You are here:

Pre-eclampsia: what goes wrong inside the placenta?

Published on

Updated:

This research was completed on

Up to ten per cent of pregnant women worldwide develop a serious condition called pre-eclampsia.1 There is no way to halt the progression of the illness, so babies often have to be delivered prematurely in an attempt to save their mother’s life and their own. Researchers are investigating what causes pre-eclampsia, focusing on possible links to the death of cells in the placenta. They hope their work will ultimately save lives by leading to earlier diagnosis and improved treatment.

What's the problem and who does it affect?

A danger to both mothers and babies

Up to five percent of pregnant women in the UK develop a serious condition called pre-eclampsia.2,3 Several hundred babies and around six women die each year in the UK after developing the condition.4

Women with the most severe disease can suffer high blood pressure, convulsions, strokes, liver and kidney failure, and life-threatening bleeds. In the UK, the most serious symptoms are rare, but worldwide the condition remains a major cause of death in mothers.1

Treatment can help tackle some symptoms, lowering blood pressure and reducing the risk of convulsions. However, it does not slow the underlying progression of the disease.

In fact, the only way to cure pre-eclampsia currently is to deliver the baby early. An early birth can prove life saving, not just for mothers, but also for their babies, as pre-eclampsia can cause stillbirth.5

However, premature births bring their own risks. As well as being premature, the babies also tend to be worryingly small, because they do not always grow very well in the womb. Evidence suggests they might even be at increased risk of developing diabetes, high blood pressure and heart disease in later life. Better treatments are urgently needed.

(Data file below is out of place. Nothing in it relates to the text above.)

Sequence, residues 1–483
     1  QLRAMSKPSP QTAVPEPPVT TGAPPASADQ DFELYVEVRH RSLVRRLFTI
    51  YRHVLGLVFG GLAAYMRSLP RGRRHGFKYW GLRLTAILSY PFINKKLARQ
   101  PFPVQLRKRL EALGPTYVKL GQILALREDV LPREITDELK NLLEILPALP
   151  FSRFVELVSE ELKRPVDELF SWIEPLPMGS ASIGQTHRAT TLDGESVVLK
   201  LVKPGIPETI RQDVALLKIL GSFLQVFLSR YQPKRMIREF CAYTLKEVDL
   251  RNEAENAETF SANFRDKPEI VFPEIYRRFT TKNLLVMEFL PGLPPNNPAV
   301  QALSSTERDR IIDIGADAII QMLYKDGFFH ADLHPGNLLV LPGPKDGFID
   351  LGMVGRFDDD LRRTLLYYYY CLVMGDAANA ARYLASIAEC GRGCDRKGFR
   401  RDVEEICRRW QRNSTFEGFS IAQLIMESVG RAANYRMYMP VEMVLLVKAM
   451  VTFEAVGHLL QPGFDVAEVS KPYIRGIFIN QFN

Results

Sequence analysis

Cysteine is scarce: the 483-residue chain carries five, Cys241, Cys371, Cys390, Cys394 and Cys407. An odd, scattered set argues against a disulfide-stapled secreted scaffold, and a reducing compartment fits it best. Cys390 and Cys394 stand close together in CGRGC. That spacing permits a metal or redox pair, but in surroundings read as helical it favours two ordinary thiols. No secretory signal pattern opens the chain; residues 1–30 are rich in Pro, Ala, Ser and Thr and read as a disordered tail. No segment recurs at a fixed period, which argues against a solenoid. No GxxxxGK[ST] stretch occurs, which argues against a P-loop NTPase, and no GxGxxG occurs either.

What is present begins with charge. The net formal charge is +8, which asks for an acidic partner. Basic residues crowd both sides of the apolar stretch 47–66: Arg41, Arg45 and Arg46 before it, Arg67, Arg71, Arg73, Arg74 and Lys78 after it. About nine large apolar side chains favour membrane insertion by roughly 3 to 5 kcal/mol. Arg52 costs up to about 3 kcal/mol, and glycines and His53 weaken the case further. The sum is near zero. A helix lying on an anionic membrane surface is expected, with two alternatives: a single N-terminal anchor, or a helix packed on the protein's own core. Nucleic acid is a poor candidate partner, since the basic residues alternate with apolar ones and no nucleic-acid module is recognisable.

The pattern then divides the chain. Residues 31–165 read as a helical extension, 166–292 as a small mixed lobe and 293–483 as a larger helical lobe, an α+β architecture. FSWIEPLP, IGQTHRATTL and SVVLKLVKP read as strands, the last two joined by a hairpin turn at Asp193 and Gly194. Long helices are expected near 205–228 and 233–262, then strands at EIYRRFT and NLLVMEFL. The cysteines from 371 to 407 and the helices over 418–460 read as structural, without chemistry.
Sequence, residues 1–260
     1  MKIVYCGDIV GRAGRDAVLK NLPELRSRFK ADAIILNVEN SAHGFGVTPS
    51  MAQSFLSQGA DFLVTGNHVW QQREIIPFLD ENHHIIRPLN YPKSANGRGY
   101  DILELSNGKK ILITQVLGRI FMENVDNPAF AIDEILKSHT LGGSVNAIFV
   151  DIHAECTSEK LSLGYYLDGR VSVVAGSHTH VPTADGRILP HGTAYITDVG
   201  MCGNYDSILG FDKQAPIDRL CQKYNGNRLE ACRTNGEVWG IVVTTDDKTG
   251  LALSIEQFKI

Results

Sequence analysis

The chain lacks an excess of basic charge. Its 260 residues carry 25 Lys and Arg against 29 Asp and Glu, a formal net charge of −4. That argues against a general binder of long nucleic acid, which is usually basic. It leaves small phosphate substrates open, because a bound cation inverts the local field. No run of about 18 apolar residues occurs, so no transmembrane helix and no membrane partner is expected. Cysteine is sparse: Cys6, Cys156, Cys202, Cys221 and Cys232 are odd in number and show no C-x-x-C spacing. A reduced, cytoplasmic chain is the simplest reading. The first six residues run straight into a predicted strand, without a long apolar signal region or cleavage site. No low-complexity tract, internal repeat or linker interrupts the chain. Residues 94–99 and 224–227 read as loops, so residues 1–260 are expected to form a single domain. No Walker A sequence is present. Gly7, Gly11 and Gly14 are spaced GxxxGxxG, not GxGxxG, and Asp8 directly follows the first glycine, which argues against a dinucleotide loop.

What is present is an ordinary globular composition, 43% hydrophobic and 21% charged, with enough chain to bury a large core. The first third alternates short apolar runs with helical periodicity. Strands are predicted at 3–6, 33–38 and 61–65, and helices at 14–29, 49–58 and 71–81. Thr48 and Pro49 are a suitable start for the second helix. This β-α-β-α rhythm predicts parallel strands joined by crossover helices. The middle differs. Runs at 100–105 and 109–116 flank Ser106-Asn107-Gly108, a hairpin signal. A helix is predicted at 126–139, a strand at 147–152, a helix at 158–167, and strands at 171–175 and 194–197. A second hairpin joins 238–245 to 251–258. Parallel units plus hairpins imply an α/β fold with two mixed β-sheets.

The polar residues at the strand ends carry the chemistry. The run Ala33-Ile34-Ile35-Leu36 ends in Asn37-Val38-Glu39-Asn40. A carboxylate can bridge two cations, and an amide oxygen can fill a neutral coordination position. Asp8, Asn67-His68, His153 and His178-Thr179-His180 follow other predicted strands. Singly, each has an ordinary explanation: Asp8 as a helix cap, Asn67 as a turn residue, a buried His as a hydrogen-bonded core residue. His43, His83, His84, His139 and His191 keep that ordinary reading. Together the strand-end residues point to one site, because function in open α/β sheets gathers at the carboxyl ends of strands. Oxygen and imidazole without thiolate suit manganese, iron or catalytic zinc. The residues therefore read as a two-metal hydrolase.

What is the project trying to achieve?

Why do cells in the placenta die?

Despite the severity and frequency of pre-eclampsia, the biology behind it remains poorly understood. No-one knows exactly what causes the condition. The researchers are hoping to help fill this information gap.

Pre-eclampsia is thought to result from problems with the placenta, which feeds and nourishes the baby throughout pregnancy. Early in pregnancy, the placenta embeds itself within the wall of the womb. Cells from the placenta invade the lining of the womb and alter the structure of the mother’s blood vessels, so that nutrients and oxygen can pass from the mother’s blood, through the placenta, to the baby. Evidence suggests that this process sometimes goes wrong, and that this might cause pre-eclampsia.

The researchers suspect two key factors might contribute to pre-eclampsia:

  • cells from the placenta, which are supposed to invade the lining of the womb, might be more likely to die, because they are more sensitive to signals that cause them to self-destruct
  • the lining of the womb might be more likely to secrete substances that prompt cells in the placenta to self-destruct.

The researchers are investigating their ideas in the laboratory, using samples donated by around 100 women.

What are the researchers' credentials?

The researchers have many years’ experience in the study of pre-eclampsia. Their highly productive work has provided a deeper understanding of how problems within the placenta can lead to complications during pregnancy. The team has a very high standing in this area of research.

The project leader, Professor Guy Whitley, and his colleague Dr Judith Cartwright are highly skilled scientists. They have developed several new laboratory techniques, which are specially designed to help them study the molecular processes that take place within the placenta during pregnancy.